Call centers are never short on metrics, but is the business utilizing the right metrics to ensure they are fit for business? Should those metrics change in an agile environment? The agile methodology for software development has definitely taken center stage, however, it struggles in large organizations with long standing processes and considerable investments in six sigma processes and methods to measure quality and defects. Some may attempt to re-brand the old-six-sigma methods into lean six sigma for agile ™ methods, but Almost all will be lost in the flood of metrics floating around in today’s contact center environment. Organizations need to focus on critical, business impacting metrics to determine if it is moving in the right direction.
Embracing agile requires more than new titles: it requires a culture change. I have already outlined these changes in a previous blog post titled, Top 10 Ways to be a Test Automation Hero. It highlights that “providing value to operations” is a key component. As such you’ll need operational data to guide the changes you are making in the software development processes.
So what metrics should you measure? I have compiled a list that has proven to be effective in determining if your contact center is fit for business. In working with numerous companies deploying a contact center assurance strategy, the ability to tie together operational numbers and QA numbers has been instrumental to show the benefits of an agile environment and developing with improved customer experience in mind. The top 10 metrics include:
10: Number of defects reported by operations/customers in the first 8 weeks after a major application change
This is not just a “how bad are we” report for the QA team. This really is about:
- How good is the operations team or your customers at finding our bugs
- Learning not only how they were found, but more importantly how they were “experienced”
This is important because it will help you track the next few metrics
What is the mean time to understand the defect in operations? It’s a subset of mean time to repair (MTTR).
8: Revenue/cost impact
What was the revenue impact based on those defects? (which contains many different sub-metrics)
In terms of customer satisfaction, access to purchase or upsell opportunities, and market conditionality, these should be weighted more heavily if the customer was in the first 90 days of onboarding. This revenue impact can be spun out in many different ways by accurately capturing the sub-metrics associated with the defect/outage.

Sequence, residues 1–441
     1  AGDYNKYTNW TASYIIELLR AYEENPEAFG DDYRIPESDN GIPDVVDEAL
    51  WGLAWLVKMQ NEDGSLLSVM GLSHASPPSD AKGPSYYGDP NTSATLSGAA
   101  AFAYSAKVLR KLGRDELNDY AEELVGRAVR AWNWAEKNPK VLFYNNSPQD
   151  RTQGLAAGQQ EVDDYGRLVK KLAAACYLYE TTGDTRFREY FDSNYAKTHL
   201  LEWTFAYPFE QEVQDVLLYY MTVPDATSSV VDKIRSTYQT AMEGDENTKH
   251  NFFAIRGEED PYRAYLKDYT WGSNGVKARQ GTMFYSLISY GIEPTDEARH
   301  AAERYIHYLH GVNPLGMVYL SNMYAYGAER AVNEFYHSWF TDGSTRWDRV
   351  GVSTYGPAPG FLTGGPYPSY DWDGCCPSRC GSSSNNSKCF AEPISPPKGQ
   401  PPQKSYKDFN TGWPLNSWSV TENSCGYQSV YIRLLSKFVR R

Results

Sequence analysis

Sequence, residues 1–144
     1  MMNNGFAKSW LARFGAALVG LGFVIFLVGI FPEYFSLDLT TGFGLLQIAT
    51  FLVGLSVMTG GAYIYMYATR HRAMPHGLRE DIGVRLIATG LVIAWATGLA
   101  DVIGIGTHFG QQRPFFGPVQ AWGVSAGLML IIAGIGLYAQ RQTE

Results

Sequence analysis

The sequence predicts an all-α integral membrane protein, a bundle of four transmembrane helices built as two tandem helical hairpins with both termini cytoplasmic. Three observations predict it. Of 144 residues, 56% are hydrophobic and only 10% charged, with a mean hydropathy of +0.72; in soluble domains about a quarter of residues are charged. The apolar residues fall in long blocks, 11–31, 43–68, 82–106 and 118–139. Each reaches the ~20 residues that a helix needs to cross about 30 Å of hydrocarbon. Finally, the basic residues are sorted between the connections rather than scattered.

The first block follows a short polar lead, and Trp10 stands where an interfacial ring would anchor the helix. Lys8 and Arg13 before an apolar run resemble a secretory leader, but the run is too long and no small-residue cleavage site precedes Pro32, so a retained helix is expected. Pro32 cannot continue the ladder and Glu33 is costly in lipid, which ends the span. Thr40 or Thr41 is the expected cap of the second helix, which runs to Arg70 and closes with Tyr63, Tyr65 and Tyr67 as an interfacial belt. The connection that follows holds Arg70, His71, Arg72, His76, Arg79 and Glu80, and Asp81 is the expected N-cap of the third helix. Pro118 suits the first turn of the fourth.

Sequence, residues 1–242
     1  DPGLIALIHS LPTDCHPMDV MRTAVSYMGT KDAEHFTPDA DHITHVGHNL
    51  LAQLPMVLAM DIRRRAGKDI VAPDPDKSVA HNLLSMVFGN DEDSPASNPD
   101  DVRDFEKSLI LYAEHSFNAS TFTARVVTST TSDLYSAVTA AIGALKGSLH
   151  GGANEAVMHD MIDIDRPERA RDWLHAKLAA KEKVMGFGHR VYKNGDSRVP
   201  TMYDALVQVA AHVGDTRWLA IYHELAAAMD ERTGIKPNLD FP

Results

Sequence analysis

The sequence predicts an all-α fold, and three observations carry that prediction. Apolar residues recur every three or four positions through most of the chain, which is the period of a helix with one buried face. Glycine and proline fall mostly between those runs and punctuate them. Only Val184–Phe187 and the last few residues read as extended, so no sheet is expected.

7: What is your current self-service application development regression test coverage as percentage?
Some find this almost impossible to gauge because they don’t have a good way of measuring all the possible permutations of the application to begin with, especially in natural language applications.
Include “invalid and negative path” tests for re-prompting and timeouts; typically, we see customers with 5-15% coverage of their application before they implement Empirix Test Automation solutions to rapidly automate both test case generation as well as test scripting and execution. However after implementing the automated test case generation capabilities, they achieve more than 85% application coverage on positive and negative test paths
6: How long does a full regression test cycle take?
This indicates how fast you can deploy new builds into production and will set the tone for what your yearly release cycle may look like.
To find out numbers 5-1 and to understand the “WHY” for #10-6 above, Subscribe to my blog for the next installment:
Erik is Empirix’s Test automation expert, with over 15 years in the telecommunications data networking and call center industry, Erik has architected, coded, executed, and managed some of the world’s largest and most complex stress tests for the top global service providers and enterprises. His experience includes the synchronization of web, voice, email, and screen pop testing enabling customers to test real world conditions before they launch new platforms.